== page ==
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Today we celebrate the life and work of Dr. Martin Luther King, Jr.  King displayed a deep appreciation for jazz and understood its symbolic role in the struggle for civil rights.  In honor of his memory, allow me to share one of my favorite jazz-related quotes, courtesy of Dr. King:

Now, jazz is exported to the world. For in the particular struggle of the Negro in America there is something akin to the universal struggle of modern man. Everybody has the Blues. Everybody longs for meaning. Everybody needs to love and be loved. Everybody needs to clap hands and be happy. Everybody longs for faith. In music, especially this broad category called Jazz, there is a stepping stone towards all of these.

King’s insights always remind me of what we in the jazz community are always aspiring to do: illuminate the “stepping stones” that the music offers us in understanding human suffering, faith, dignity and joy.  As the music continues to resonate all over the world, may it continue to convey these deep truths that Dr. King felt when he heard it.

2011 UPDATE: David Demsey and Bruce Jackson of William Paterson University have recently uncovered some new historical information about this famous excerpt. The quote is usually attributed to a speech that Dr. King gave at the 1964 Berlin Jazz Festival. The only problem: King wasn’t at the festival. As it turns out, King had been asked to share his thoughts as a foreword for the festival’s printed program, which gave rise to this quotation. Demsey and Jackson’s research will appear in this month’s issue of Down Beat.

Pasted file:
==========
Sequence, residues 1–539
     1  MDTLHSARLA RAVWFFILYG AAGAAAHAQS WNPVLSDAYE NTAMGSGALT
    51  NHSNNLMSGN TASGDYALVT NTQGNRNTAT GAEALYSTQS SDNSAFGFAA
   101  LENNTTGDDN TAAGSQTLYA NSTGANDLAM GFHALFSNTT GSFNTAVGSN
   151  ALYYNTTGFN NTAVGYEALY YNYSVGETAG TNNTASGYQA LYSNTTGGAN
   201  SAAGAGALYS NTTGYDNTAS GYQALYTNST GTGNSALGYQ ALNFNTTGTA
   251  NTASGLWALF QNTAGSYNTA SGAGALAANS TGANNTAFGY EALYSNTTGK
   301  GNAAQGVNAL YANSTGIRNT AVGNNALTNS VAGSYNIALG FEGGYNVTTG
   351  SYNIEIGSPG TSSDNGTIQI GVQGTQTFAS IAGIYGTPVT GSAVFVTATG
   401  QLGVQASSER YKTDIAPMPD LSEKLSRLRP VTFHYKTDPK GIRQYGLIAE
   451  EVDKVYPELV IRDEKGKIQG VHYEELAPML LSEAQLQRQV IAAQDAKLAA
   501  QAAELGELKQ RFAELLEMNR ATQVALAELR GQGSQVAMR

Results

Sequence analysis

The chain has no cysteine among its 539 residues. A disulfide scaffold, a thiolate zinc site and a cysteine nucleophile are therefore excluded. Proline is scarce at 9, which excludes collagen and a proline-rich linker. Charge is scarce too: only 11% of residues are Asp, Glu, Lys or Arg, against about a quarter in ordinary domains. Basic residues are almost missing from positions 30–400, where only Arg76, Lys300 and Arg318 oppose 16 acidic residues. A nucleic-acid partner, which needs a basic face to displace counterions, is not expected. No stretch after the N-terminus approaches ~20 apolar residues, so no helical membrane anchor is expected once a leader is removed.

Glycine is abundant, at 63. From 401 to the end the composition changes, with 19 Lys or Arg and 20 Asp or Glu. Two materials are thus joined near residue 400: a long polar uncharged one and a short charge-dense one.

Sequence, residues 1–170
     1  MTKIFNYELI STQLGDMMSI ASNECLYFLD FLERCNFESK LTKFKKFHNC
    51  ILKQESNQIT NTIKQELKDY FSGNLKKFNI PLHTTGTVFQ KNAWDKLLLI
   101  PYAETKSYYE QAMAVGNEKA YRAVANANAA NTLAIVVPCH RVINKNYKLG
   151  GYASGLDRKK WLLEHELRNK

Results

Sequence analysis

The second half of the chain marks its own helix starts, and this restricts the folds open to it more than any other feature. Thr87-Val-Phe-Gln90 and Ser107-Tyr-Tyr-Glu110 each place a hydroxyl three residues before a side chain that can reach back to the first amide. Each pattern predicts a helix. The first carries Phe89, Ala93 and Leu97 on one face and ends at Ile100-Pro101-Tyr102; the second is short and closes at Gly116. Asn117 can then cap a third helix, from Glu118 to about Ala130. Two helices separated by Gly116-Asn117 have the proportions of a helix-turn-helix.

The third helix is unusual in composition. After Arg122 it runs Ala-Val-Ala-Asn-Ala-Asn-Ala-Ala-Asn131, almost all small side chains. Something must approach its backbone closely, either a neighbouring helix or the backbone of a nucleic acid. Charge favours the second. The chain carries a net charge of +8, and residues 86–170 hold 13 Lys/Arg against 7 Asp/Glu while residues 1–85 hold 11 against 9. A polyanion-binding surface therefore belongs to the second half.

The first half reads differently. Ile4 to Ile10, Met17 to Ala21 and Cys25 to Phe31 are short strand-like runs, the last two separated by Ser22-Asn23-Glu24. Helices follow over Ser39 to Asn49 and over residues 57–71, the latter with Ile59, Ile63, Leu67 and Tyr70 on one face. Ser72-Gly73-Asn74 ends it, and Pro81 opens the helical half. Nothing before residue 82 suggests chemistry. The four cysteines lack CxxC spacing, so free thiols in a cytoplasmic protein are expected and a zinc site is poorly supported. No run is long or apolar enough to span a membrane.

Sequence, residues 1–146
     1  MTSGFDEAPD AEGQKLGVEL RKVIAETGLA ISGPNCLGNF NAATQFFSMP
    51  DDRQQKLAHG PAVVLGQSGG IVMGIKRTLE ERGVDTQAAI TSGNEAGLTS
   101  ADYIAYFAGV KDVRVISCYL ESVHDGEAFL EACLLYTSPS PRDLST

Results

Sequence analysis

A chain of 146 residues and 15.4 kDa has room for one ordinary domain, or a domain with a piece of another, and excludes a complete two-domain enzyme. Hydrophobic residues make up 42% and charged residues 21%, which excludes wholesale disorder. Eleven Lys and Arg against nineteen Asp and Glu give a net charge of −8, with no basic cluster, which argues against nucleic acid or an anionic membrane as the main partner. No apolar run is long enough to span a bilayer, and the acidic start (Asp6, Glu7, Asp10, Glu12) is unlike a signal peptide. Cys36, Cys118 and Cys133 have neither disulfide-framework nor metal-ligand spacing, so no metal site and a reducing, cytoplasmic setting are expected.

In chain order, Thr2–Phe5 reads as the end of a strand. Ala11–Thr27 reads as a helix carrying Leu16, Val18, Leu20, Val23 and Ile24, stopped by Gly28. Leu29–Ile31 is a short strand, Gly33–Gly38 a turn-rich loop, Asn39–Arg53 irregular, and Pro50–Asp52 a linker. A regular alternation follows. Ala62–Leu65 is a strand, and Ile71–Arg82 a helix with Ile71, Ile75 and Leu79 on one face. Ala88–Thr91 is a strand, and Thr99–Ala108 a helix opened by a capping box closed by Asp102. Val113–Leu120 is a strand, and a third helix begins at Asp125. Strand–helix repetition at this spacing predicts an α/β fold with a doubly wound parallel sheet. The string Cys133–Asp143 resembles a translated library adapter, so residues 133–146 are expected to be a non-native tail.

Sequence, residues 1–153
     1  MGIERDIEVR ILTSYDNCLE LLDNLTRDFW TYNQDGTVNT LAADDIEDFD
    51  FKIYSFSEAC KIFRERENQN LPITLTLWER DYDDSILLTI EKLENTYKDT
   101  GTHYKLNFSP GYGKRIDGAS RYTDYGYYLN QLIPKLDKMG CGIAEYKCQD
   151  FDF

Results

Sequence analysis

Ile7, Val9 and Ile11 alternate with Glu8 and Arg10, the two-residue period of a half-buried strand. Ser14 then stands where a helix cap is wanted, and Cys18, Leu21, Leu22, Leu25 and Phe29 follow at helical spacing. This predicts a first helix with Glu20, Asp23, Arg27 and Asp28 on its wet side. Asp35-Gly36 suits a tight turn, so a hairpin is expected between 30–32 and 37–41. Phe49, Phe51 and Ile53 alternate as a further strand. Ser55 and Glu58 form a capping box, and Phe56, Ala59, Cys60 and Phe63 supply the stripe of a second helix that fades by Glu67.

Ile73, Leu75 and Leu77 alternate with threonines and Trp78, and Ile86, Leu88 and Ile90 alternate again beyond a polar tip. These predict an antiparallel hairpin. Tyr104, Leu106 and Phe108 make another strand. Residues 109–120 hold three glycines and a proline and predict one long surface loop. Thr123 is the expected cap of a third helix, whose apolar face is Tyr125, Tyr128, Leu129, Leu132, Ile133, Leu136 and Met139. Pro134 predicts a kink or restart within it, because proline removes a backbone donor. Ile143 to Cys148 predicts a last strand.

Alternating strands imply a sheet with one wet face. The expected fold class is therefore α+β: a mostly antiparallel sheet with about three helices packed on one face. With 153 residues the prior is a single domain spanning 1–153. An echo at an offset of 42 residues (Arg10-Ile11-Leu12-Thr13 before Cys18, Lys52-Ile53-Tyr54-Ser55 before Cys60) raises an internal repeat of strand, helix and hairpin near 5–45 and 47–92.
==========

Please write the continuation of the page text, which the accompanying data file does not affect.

Just watched this fascinating presentation by Mike Masnick of Floor 64 about the future of the music business model (via Jason Parker.)  It’s worth taking a half hour of your time to watch if you care about what’s at stake for how to make money with music.  Masnick’s theory is an interesting one: that the “music” itself is not the commodity that will best make money.  He describes music as a “loss leader” or “low-margin leader” that can be used to sell other things.  He gives a number of examples where this is working very well for a lot of musicians.  His formula, the title of my post, means “Connect with Fans, give them a Reason to Buy, and you make a lot of money.”

Now, is this applicable for jazz musicians, whose music garners a smaller audience than pop acts?  OF COURSE!  This formula gives a much more targeted, nuanced way to reach fans and market the experience and relationships associated with the music.  Maria Schneider, one of the biggest names in jazz today, is using the model to great effect.

Also, one thing about jazz is that it’s had a long time to diffuse itself all over the world.  There are potential jazz fans across the globe, and the technology is now able to deliver.  I’d say that despite all the doom and gloom surrounding recent declines in the American jazz audience, there is a lot of room for optimism in the emerging music ecosystem.  Just watch the clip and you’ll see what I mean.

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